These are Mathieu’s words. I have only edited for grammar and conciseness.

1–Why is your berry project important in our society today?
I think it is important because my project is part of a bigger collective endeavour. Ten of us bought a common piece of land. We cooperate together to lead good lives in our territory. To do so, we acknowledge that speaking about ethics and values is important, embodying our values to make it happen for real is essential. Since example is often the best teacher, we perhaps need more true stories to push us to action. We want to share that story with you one day. A story of cooperation, abundance, autonomy and resilience, good life, sharing…

2–You used to work as an engineer.  How has engineering informed your decision to devote your life to “working without machines, with living soil, on small surfaces and with a lot of love”

I want to work without machines because machines harm the soil. I want to take care of the soil because the soil takes care of our plants and therefore of us. As I also want to take care of myself, I will focus on smaller surfaces to limit the damage. Smaller and slower solutions fit my values and vision better.
I guess my inspiration came more from my permaculture training, travels, and several experiences on farms than my engineering training. For sure, engineering helps me do the math, understand the pros and cons and thus decide rationally what solution is a priori technically best within a given context. But brain work is not sufficient. My inspiration comes from my guts and my heart. Brain, guts and heart agree on working without machines, with living soil and with a lot of love.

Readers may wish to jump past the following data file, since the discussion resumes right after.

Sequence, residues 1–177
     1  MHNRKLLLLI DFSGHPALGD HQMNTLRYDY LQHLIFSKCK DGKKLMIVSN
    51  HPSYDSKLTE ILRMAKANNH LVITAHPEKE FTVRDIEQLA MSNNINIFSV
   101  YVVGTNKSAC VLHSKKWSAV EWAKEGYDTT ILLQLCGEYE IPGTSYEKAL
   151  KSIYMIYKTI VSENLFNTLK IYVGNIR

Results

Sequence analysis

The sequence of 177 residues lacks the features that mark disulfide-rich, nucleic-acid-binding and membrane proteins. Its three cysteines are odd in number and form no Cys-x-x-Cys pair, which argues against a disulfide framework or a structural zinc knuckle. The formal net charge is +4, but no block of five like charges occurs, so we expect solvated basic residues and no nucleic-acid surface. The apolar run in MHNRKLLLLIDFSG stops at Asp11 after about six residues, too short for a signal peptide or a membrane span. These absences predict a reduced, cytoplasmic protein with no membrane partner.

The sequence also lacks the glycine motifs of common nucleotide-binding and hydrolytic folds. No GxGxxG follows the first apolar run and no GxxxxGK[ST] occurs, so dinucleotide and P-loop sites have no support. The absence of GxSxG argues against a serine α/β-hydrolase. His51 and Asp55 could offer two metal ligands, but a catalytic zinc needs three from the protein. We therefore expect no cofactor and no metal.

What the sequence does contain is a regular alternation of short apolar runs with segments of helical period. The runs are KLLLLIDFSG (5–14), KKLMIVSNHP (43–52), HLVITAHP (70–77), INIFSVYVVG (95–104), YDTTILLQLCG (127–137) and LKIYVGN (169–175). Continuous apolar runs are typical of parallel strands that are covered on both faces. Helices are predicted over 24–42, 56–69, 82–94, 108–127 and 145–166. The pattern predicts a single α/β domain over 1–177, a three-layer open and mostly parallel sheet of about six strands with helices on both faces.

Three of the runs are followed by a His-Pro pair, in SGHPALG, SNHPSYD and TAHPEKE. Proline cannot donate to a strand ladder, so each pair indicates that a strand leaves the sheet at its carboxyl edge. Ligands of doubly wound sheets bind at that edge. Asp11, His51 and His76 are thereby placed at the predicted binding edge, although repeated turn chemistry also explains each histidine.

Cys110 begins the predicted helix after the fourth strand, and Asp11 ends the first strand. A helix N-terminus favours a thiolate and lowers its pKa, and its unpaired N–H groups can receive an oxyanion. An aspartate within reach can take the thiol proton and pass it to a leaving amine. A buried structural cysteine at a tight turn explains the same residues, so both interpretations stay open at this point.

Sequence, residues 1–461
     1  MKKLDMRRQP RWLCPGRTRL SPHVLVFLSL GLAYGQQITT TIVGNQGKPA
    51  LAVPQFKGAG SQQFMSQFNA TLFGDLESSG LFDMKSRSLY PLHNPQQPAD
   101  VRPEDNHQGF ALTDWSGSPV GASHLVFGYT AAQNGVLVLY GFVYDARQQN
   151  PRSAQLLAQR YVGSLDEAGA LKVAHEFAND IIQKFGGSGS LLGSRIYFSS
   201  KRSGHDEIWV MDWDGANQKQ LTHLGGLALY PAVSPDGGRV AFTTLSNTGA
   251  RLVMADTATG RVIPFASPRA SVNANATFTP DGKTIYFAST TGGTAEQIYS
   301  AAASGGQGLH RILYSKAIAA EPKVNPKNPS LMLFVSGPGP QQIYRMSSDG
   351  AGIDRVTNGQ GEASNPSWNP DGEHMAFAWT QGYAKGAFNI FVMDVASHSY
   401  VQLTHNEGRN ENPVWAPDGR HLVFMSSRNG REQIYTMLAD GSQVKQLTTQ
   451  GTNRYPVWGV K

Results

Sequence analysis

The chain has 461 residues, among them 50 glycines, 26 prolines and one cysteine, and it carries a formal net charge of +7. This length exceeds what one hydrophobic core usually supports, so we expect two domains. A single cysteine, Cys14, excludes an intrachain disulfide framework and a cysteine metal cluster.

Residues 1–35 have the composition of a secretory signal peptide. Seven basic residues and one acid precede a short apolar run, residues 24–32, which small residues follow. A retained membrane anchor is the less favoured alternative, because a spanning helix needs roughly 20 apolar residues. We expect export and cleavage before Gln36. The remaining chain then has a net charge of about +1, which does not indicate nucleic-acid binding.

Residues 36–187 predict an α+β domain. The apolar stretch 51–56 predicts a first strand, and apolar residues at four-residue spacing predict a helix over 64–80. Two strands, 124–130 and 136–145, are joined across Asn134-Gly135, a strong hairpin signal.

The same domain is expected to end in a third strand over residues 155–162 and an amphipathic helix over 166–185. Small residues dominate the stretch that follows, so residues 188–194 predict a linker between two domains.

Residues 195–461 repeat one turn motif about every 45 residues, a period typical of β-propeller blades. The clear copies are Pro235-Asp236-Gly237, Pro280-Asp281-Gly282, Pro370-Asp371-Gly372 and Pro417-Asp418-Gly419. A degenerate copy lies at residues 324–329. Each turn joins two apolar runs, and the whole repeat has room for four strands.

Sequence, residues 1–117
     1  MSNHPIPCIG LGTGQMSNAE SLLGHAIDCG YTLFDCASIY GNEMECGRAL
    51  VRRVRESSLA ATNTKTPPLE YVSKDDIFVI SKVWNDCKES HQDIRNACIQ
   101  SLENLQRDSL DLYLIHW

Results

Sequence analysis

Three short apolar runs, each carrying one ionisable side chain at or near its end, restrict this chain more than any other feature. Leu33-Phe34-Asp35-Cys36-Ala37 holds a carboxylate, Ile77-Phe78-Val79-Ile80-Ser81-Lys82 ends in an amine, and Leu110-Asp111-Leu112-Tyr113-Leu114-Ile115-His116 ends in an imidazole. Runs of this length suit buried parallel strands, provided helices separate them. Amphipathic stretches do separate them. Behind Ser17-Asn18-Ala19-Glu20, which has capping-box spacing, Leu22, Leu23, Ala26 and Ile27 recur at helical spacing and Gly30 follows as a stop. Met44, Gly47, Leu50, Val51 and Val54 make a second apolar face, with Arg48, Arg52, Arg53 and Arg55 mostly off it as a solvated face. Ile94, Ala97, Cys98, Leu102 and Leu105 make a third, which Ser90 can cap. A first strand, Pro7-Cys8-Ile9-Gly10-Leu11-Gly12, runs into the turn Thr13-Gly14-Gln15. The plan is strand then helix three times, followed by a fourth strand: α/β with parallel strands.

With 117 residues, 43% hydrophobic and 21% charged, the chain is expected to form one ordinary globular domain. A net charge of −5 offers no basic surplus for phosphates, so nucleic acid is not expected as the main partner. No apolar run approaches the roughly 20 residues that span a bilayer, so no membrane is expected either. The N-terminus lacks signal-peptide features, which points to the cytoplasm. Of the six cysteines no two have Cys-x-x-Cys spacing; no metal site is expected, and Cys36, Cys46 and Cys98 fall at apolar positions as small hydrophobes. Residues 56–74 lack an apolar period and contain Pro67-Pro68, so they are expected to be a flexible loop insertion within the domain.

Last but not least, it also makes the berries grow healthier and taste better.

3–Is this similar to what the hippies did back in the 70s when they lived on communes and lived off the land? How is it different?
Good question and hard for me to say, since I was not there back in the 70s. Nevertheless, my project and our collective initiatives do not appear from nowhere. I am sure the hippies inspired us in a way. Communes inspire us. As a matter fact the ten of us met through an association named “la Commune Imaginée du Bandiat” ( Many real stories inspired us all.
What might be similar is the collective action and the dreams for a free and brighter future.
What is different is this context/ I want to hope. I think our society also needs hope. To be perfectly honest, as far as I am concerned, it is not easy nowadays to be 100% optimistic when it comes to our collective future. Ecological destruction, social injustice, biodiversity collapse, resource depletion and related increasing scarcity, tensions on energy supply, authoritarianism and war… The list goes on and I do not want to give up on hope. We feel a compelling urge for action and for change.